Live Scientists

LwS Anniversary Month Sum-Up

This month we will be hosting various events in celebration of our 1 year anniversary! Links to everything we’re doing this month can be found below! For our monthly agenda, please visit this blog: https://www.livewithscientists.com/2021/03/27/live-with-scientists-anniversary-month-events/ For details about this month’s competitions, please follow this link: https://www.livewithscientists.com/2021/02/21/live-with-scientists-anniversary-month-get-involved/ To register for our “Research and You: Why science needs you” panel with University of Manchester scientists on the role of the public in their research: https://www.eventbrite.co.uk/e/live-with-scientists-research-and-you-why-science-needs-you-tickets-143276773687 To register for our Science Pub Quiz: https://www.eventbrite.co.uk/e/live-with-scientists-science-pub-quiz-tickets-143277124737 To register for our Research & You panel with Autism@Manchester: https://www.eventbrite.co.uk/e/research-and-you-autismmanchester-presents-who-is-research-for-tickets-148489892265 To read our first Citizen Science blog on… Read More »LwS Anniversary Month Sum-Up

Citizen Science Saturday: Blog 2- ‘The birds and the bees’ of Citizen Science

Citizen science is a way for everybody to contribute to the world of science. By using the power of huge numbers of volunteer amateur scientists, rather than only a small number of professionals, a much more extensive, exciting and impactful dataset can be put together! The projects can range from astronomy to ecology to oceanography and might involve looking at images on a computer, manipulating molecules in a simulator, or venturing outdoors. By taking part, you’re contributing important information to the scientific community that could lead to exciting discoveries about the world around us or inform policy making, both of… Read More »Citizen Science Saturday: Blog 2- ‘The birds and the bees’ of Citizen Science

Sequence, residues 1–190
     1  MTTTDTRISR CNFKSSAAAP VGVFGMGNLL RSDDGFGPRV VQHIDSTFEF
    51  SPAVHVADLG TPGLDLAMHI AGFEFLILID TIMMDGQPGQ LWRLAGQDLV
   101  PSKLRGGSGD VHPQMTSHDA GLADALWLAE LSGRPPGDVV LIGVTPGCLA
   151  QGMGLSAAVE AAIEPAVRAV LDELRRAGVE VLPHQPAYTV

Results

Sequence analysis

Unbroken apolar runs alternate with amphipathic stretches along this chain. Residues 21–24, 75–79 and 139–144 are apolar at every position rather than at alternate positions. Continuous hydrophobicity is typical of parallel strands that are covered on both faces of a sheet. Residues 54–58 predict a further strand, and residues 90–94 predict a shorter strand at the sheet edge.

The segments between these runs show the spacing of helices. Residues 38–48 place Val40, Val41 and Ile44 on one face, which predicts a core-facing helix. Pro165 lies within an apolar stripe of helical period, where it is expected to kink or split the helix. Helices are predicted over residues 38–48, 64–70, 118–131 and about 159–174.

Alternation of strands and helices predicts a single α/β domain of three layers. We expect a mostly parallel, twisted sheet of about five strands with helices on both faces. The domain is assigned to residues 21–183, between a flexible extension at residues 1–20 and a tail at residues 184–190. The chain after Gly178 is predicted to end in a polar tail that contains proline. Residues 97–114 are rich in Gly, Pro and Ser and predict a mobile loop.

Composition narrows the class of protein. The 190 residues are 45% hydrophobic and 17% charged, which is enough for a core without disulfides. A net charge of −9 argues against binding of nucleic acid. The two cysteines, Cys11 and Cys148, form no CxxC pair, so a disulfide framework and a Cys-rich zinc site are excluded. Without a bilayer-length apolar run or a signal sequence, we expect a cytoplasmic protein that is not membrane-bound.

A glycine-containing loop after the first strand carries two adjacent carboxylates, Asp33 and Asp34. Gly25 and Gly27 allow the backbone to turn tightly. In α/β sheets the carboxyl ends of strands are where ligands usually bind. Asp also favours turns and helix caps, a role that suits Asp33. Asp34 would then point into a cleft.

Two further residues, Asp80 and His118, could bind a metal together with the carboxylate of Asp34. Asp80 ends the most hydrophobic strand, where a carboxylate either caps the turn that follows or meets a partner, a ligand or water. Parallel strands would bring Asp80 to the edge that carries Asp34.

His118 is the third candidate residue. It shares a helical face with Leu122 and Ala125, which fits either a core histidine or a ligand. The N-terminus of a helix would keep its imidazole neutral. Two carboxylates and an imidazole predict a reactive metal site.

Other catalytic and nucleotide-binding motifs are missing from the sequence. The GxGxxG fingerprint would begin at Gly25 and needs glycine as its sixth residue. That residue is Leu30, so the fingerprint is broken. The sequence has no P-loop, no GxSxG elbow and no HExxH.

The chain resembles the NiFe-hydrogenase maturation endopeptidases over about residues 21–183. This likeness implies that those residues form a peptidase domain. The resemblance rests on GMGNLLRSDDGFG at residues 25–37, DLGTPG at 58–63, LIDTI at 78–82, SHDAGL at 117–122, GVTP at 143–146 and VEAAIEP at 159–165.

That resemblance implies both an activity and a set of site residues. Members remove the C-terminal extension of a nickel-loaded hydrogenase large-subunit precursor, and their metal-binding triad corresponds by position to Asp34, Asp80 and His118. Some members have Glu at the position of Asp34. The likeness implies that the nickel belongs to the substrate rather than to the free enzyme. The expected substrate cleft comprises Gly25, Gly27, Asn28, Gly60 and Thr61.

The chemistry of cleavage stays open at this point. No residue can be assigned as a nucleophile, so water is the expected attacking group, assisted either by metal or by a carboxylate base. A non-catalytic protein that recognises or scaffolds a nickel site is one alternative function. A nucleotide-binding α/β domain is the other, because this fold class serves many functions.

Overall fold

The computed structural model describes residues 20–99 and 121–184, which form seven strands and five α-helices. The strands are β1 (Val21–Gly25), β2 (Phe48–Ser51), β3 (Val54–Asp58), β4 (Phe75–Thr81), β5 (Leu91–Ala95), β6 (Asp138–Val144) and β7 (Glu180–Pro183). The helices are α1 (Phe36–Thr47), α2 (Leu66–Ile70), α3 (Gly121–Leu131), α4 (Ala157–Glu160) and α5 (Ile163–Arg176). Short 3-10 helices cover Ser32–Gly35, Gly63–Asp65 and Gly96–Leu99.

Citizen Science Saturday: Blog 1 – Eterna – the RNA folding game

If like me, you enjoy playing a good video game, then you might already have saved some lives by staying at home and doing just that during the COVID-19 lockdowns. But what if you could more directly contribute just by playing a game?!  Enter “Eterna” – a citizen science project that uses your solutions to puzzles to improve medicine and contribute to science! (Need to be 13 years or older to play – due to US law)  Eterna is an RNA folding puzzle game – you may have heard a bit about mRNA – messenger RNA – recently, since this form of RNA is the basis for… Read More »Citizen Science Saturday: Blog 1 – Eterna – the RNA folding game

Anniversary Month Events

In April 2021 Live with Scientists will be marking our first anniversary with a celebration of what we stand for that “Science is for everyone”.   We will be hosting a series of events during the month focussing on the fantastic impact that the public has and continues to have on research. From a panel discussion of from researchers whose research has especially benefited from your input to highlighting fantastic citizen science projects that everyone can participate in! We will also be challenging researchers to describe their research in emojis and hosting lightening talks – quick, snappy and to the point! If you’ve missed… Read More »Anniversary Month Events

COVID-19 Blog Series: Part 3

Blog part 3: Treatments  Fighting back- As COVID-19 vaccine development and roll-out to the UK public occurs at a rapid pace. Questions now turn to how we are going to treat those currently suffering from COVID-19, and how can we limit spread of the disease in the future. In this blog we are focussing on how our treatment of pandemics has evolved over time. By looking back at lessons learned from past key pandemics, we can appreciate how we are now able to respond rapidly to COVID-19 through the development or novel treatments for COVID-19 including monoclonal antibodies to treat hospitalised patients and novel antiviral drugs that in the future, we could administer at home during the early stages of disease.   PAST Throughout the course of… Read More »COVID-19 Blog Series: Part 3